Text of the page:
A new study in Nature is calling into question whether cognitive training games/software is actually beneficial. The study found that there was no significant difference in cognitive test performance before or after cognitive training for either the experimental or control groups.
Here is more about the study from Nature’s News:
The study, a collaboration between British researchers and the BBC Lab UK website, recruited viewers of the BBC science programme Bang Goes the Theory to practise a series of online tasks for a minimum of ten minutes a day, three times a week, for six weeks. In one group, the tasks focused on reasoning, planning and problem-solving abilities — skills correlated with general intelligence. A second group was trained on mental functions targeted by commercial brain-training programs — short-term memory, attention, visuospatial abilities and maths. A third group, the control subjects, simply used the Internet to find answers to obscure questions. A total of 11,430 volunteers aged from 18 to 60 completed the study, and although they improved on the tasks, the researchers believe that none of the groups boosted their performance on tests measuring general cognitive abilities such as memory, reasoning and learning.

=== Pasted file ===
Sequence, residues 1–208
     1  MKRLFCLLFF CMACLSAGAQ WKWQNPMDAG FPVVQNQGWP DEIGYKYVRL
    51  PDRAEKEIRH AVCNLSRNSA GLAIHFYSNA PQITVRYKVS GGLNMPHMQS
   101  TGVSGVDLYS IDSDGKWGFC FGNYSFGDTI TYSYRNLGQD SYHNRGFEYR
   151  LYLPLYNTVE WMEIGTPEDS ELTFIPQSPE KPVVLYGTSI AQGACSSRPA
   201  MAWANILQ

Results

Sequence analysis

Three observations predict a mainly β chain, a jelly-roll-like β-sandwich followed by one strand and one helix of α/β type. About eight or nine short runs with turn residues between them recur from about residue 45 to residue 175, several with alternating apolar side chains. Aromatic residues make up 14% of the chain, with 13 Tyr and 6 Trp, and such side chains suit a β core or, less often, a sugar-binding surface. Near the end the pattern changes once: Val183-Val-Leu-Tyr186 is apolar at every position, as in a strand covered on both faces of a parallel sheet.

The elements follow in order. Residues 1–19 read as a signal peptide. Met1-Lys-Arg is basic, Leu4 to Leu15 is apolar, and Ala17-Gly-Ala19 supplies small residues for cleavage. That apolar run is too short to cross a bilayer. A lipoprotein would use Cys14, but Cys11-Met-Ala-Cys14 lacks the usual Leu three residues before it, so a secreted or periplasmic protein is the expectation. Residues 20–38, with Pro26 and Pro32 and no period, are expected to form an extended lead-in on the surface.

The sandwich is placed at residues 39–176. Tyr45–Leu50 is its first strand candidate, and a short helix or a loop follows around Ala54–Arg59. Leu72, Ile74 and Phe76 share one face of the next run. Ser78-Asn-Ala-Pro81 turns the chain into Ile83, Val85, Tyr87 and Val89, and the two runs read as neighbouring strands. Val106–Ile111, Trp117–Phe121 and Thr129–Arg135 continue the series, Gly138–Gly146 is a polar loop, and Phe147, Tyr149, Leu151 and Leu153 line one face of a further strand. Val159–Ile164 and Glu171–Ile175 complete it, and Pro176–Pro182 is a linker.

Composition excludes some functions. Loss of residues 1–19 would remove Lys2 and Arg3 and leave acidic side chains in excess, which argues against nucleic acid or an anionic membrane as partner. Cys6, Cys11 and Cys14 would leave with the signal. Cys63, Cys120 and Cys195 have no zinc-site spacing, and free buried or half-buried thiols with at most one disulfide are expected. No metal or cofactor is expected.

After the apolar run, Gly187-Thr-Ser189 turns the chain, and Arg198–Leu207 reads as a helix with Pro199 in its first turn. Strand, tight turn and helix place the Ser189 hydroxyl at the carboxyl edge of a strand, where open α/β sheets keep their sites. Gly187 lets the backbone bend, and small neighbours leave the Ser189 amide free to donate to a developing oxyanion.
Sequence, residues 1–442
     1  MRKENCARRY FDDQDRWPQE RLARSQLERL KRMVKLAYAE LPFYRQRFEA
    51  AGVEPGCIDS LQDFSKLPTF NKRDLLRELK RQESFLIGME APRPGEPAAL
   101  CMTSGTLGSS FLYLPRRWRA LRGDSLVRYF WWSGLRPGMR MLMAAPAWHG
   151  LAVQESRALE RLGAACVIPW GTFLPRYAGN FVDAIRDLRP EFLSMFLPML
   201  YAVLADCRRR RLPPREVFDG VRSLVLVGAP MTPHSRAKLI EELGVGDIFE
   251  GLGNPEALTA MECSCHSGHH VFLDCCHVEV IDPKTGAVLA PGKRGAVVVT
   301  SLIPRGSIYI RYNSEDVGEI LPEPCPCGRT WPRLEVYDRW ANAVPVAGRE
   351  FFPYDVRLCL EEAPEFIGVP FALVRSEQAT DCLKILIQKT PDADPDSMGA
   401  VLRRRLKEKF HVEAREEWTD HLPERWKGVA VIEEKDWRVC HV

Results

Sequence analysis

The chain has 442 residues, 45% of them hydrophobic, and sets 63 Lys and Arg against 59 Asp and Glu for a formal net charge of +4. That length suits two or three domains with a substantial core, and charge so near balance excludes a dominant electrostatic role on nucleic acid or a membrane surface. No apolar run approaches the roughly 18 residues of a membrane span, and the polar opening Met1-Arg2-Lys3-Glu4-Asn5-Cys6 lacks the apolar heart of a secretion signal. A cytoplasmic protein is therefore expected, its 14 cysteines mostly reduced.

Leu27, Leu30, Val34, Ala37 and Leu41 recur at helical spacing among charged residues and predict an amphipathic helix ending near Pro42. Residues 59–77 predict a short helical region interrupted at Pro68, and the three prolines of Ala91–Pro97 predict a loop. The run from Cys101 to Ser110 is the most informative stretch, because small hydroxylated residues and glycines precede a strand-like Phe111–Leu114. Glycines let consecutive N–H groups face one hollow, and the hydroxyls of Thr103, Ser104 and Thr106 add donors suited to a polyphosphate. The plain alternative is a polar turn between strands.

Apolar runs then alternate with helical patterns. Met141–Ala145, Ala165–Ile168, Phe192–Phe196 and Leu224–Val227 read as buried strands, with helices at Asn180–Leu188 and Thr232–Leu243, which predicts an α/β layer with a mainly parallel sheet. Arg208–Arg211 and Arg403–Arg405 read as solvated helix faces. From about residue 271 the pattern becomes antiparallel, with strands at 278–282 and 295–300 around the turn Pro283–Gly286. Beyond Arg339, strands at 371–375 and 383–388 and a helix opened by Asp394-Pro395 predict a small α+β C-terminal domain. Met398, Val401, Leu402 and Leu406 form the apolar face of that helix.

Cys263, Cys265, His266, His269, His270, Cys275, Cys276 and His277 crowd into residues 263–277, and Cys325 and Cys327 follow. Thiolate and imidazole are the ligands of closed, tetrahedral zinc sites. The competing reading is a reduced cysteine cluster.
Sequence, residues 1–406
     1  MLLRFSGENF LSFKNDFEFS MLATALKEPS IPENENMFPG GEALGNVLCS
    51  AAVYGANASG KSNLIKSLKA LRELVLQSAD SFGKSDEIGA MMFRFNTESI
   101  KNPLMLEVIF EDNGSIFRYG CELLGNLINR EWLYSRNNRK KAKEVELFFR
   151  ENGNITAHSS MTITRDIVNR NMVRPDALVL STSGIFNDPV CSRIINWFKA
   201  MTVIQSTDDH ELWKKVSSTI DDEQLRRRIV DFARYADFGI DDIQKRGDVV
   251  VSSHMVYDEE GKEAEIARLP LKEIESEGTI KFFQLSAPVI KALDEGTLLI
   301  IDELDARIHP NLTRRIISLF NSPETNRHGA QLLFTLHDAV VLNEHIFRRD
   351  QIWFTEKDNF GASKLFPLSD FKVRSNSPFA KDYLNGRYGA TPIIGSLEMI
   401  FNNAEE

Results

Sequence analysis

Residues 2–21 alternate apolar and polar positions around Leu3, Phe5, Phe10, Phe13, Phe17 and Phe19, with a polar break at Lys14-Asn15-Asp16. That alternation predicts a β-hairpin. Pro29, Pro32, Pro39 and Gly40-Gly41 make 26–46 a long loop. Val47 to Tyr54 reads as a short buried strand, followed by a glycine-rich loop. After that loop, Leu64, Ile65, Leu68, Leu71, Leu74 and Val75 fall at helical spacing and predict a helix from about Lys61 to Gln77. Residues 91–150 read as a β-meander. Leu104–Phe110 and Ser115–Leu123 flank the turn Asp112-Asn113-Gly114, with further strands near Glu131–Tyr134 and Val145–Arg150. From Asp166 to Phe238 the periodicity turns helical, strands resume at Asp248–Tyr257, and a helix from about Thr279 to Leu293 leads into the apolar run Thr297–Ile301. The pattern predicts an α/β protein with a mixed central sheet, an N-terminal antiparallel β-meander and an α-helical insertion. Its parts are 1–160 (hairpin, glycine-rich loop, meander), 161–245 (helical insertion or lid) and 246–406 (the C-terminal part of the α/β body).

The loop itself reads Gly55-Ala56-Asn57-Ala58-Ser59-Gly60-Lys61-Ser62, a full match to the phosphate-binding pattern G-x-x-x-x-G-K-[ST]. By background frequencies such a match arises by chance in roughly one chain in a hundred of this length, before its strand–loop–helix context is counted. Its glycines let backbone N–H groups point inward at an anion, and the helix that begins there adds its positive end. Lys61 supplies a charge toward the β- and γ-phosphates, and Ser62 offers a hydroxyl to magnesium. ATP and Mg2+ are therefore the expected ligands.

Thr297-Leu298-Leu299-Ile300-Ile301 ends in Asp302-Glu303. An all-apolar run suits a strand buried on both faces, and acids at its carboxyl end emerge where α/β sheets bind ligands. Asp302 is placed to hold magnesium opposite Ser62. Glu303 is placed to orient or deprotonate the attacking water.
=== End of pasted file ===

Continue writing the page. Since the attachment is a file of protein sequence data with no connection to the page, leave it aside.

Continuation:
"There were absolutely no transfer effects" from the training tasks to more general tests of cognition, says Adrian Owen, a neuroscientist at the Medical Research Council (MRC) Cognition and Brian Sciences Unit in Cambridge, UK, who led the study. "I think the expectation that practising a broad range of cognitive tasks to get yourself smarter is completely unsupported."
Critics of the study claim that the test group was the wrong demographic, and that either a much younger or older test group would yield better results. Furthermore they claim that the number of sessions involved was too small to see a difference. The experimenters countered that some members of the test group independently performed an extreme number of sessions, and even these individuals showed no difference in outcome.
As the debate rages on, people continue to spend time and money on cognitive training and talking into their Nintendo DS’s in public.
Come up with your own opinion, read the study.